Image souure: CoHere Rosh Hashana newsletter
By Cyd Weisman
Synagogues engage one-third of the United States’ Jewish population. What role might they take to serve the spiritual, communal and religious needs of the other two-thirds (the majority) who don’t choose synagogue membership as an expression of their Judaism?
This is the question I’ve pondered since attending an Austin gathering of Jewish, Christian and Unitarian Universalist leaders who were brought together by Casper ter Kuile, Angie Thurston of Harvard Divinity School. They are co-authors of a recent report on the changing nature of religious affiliation among millennials, How We Gather.
We were invited to explore a shared question: What’s possible when you are the guardians of your tradition and the midwives to emerging communities of meaning and purpose?
“Look not only at the edge of your tradition, but beyond it,” Casper and Angie challenged us.
Could synagogues actively support, rather than be threatened by, rising new communities? I wondered.
To craft a future yet unseen, I always look for pioneers who are boldly enacting a desired future before it is the norm, which led me to the Windy City. Thank you, Rabbis Ari Moffic, founder of CoHere, and Sam Gordon of Sukkat Shalom, for providing a glimpse of a future where, as Ari says, “the organized world — the minority — meets the rogue world — the majority.”
This summer, Ari launched CoHere, with a generous grant from the Open Dor Project, to engage people who seek Jewish meaning in ways that may be considered “rogue.”
“I’m often accused of starting my own Jewish community,” Ari says, adding that “community” can be a euphemism for “congregation.” “That’s not what I’m doing. People are already in community—at work, through their children’s schools, with family and friends. I’m trying to help people see that cultivating their actual organic community is practicing Jewish values.”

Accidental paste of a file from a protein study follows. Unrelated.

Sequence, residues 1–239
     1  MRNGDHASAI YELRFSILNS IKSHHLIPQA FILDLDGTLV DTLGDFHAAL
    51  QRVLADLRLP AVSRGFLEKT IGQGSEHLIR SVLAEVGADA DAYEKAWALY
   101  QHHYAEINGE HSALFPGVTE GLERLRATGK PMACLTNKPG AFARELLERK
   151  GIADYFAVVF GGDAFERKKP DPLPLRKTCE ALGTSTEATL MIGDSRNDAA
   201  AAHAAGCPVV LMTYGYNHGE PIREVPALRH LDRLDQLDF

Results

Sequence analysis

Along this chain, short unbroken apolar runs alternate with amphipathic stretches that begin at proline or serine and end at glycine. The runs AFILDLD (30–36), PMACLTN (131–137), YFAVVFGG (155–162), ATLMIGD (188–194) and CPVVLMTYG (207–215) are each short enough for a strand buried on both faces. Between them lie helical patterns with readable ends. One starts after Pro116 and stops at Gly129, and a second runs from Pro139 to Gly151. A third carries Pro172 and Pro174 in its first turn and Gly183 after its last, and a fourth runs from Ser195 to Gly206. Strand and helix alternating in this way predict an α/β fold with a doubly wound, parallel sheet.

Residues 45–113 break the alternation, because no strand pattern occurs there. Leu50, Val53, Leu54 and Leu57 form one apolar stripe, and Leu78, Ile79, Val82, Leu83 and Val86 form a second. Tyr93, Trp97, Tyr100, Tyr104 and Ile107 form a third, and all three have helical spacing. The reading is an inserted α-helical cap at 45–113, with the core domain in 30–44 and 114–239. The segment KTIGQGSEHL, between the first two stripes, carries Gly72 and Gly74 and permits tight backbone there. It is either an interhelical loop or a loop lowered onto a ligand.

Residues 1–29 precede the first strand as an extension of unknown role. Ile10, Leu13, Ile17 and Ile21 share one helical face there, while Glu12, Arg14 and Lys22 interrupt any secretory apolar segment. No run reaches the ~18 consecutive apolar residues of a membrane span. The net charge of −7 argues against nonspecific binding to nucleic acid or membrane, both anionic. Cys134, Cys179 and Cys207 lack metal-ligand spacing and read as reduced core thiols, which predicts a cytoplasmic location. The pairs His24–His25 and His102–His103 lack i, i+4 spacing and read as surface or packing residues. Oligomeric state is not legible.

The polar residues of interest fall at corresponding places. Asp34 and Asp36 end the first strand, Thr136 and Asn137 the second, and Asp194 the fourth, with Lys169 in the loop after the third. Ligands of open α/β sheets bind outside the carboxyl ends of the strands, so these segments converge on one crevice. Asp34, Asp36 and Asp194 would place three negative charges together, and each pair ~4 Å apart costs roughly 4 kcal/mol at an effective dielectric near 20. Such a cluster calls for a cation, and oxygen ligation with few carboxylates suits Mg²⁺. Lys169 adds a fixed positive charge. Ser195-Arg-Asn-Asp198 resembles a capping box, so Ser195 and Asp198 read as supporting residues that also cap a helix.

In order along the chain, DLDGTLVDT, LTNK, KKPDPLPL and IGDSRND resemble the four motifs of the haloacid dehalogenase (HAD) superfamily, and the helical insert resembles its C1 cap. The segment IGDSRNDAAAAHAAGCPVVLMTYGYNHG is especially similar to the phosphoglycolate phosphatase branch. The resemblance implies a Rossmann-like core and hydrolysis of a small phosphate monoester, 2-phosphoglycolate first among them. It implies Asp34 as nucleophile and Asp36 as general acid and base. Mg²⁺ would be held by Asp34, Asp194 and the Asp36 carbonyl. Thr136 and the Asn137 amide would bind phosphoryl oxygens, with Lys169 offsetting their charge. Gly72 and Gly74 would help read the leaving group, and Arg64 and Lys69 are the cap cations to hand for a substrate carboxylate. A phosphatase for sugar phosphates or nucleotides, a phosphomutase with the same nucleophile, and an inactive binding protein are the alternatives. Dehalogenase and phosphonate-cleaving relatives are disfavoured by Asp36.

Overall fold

Ari meets with families in homes and coffee shops to uncover their yearnings. She then develops personal relationships through small group learning; officiating at life-cycle events; and connecting people to one another and to Jewish resources in the area.
“My main job,” says Ari, “is to help people have a language to understand that what they are already doing in community is Jewish. Being a friend, being a light unto the nations, demonstrating kindness—these are Jewish acts of community.”
Busy families, who desire Jewish meaning without the expectations and fees of synagogue membership, are benefiting from a close relationship with Ari.
“I come to their kitchens, where the whole family learns and engages with Judaism in organic ways. It is very sweet,” she says. “I ask them about the important days of their lives, such as anniversaries, deaths and birthdays. I bring candles, poems and prayers for these special moments. I text them and stay connected with them.”
“Some people from the organized Jewish world say to me, ‘Ari, look at what you’re doing to our synagogue. You are taking people away.’” Ari counters, “I’m not taking pieces away from the pie. I’m trying to make the pie bigger and different.”